ePrints@IIScePrints@IISc Home | About | Browse | Latest Additions | Advanced Search | Contact | Help

Using Node Centrality and Optimal Control to Maximize Information Diffusion in Social Networks

Kandhway, Kundan and Kuri, Joy (2017) Using Node Centrality and Optimal Control to Maximize Information Diffusion in Social Networks. In: IEEE TRANSACTIONS ON SYSTEMS MAN CYBERNETICS-SYSTEMS, 47 (7). pp. 1099-1110.

[img] PDF
IEEE_Tra_Sys_Man_Cyb_Sys_47-7_1099_2017.pdf - Published Version
Restricted to Registered users only

Download (1MB) | Request a copy
Official URL: http://dx.doi.org/10.1109/TSMC.2016.2531690


We model information dissemination as a susceptible-infected epidemic process and formulate a problem to jointly optimize seeds for the epidemic and time varying resource allocation over the period of a fixed duration campaign running on a social network with a given adjacency matrix. Individuals in the network are grouped according to their centrality measure and each group is influenced by an external control function-implemented through advertisements-during the campaign duration. The aim is to maximize an objective function which is a linear combination of the reward due to the fraction of informed individuals at the deadline, and the aggregated cost of applying controls (advertising) over the campaign duration. We also study a problem variant with a fixed budget constraint. We set up the optimality system using Pontryagin's maximum principle from optimal control theory and solve it numerically using the forward-backward sweep technique. Our formulation allows us to compare the performance of various centrality measures (pagerank, degree, closeness, and betweenness) in maximizing the spread of a message in the optimal control framework. We find that degree-a simple and local measure-performs well on the three social networks used to demonstrate results: 1) scientific collaboration; 2) Slashdot; and 3) Facebook. The optimal strategy targets central nodes when the resource is scarce, but noncentral nodes are targeted when the resource is in abundance. Our framework is general and can be used in similar studies for other disease or information spread models-that can be modeled using a system of ordinary differential equations-for a network with a known adjacency matrix.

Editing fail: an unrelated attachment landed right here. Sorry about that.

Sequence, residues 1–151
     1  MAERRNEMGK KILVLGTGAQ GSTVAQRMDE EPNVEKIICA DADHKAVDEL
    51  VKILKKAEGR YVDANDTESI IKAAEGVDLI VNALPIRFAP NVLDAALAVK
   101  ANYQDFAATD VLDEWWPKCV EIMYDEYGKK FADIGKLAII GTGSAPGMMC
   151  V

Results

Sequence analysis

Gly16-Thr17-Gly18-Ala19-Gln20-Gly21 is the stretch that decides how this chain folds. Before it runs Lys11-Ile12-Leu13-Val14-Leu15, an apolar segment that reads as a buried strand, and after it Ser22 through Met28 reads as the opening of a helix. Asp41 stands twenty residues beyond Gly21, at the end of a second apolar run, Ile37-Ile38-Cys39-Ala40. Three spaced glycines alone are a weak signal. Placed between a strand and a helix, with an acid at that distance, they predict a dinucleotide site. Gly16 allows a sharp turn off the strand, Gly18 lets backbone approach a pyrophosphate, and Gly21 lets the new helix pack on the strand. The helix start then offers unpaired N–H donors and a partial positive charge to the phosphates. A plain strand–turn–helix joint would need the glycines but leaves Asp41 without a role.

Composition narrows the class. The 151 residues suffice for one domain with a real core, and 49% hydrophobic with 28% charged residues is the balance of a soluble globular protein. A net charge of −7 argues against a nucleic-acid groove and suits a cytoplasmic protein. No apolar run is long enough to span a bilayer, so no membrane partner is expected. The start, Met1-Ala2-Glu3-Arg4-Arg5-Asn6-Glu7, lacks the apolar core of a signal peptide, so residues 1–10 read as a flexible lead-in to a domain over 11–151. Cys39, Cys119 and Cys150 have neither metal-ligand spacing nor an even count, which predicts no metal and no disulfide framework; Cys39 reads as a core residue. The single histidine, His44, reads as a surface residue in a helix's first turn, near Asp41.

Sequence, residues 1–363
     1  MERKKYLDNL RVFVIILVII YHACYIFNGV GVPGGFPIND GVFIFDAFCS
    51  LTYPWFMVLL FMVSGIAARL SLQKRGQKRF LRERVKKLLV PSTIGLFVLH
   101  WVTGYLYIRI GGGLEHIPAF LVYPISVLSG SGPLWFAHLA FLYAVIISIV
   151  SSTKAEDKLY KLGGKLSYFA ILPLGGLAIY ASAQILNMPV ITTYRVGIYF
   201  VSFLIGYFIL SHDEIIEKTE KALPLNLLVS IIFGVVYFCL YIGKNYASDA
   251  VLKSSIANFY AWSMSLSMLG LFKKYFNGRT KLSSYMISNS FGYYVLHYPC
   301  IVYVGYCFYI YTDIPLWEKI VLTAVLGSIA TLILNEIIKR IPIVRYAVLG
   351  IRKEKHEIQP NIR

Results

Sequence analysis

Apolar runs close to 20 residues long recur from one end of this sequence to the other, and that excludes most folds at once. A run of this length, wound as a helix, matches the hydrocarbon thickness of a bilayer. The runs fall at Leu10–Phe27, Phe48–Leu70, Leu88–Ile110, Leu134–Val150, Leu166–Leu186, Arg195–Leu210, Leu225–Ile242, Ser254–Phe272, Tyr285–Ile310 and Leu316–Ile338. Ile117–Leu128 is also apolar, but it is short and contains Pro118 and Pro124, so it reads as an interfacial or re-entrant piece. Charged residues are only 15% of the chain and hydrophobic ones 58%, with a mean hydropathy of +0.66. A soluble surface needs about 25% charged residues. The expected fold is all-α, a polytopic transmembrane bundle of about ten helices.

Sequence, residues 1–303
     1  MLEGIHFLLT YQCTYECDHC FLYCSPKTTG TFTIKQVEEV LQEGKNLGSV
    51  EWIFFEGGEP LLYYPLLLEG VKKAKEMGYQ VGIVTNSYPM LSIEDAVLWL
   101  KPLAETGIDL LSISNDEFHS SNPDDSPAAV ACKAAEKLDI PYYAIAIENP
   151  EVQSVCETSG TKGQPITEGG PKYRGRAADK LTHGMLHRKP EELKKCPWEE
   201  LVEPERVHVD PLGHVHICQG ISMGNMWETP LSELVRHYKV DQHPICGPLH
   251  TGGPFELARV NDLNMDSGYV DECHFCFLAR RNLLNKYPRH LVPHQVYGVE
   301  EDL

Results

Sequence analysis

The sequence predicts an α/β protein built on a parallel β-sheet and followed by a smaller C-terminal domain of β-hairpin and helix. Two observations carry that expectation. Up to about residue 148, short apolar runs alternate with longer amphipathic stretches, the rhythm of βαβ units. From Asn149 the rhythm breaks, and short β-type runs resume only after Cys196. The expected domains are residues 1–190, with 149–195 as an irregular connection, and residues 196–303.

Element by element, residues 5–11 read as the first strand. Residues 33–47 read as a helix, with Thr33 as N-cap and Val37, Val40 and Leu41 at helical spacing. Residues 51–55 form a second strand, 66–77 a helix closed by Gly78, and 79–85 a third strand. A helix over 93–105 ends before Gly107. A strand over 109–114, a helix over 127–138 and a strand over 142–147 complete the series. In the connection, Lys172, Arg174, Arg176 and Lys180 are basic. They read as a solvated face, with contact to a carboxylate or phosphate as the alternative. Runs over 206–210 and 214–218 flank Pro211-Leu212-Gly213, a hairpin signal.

Item Type: Journal Article
Additional Information: Copy right for this article belongs to the IEEE-INST ELECTRICAL ELECTRONICS ENGINEERS INC, 445 HOES LANE, PISCATAWAY, NJ 08855-4141 USA
Department/Centre: Division of Electrical Sciences > Electronic Systems Engineering (Formerly Centre for Electronic Design & Technology)
Date Deposited: 21 Jul 2017 09:48
Last Modified: 21 Jul 2017 09:48
URI: http://eprints.iisc.ac.in/id/eprint/57447

Actions (login required)

View Item View Item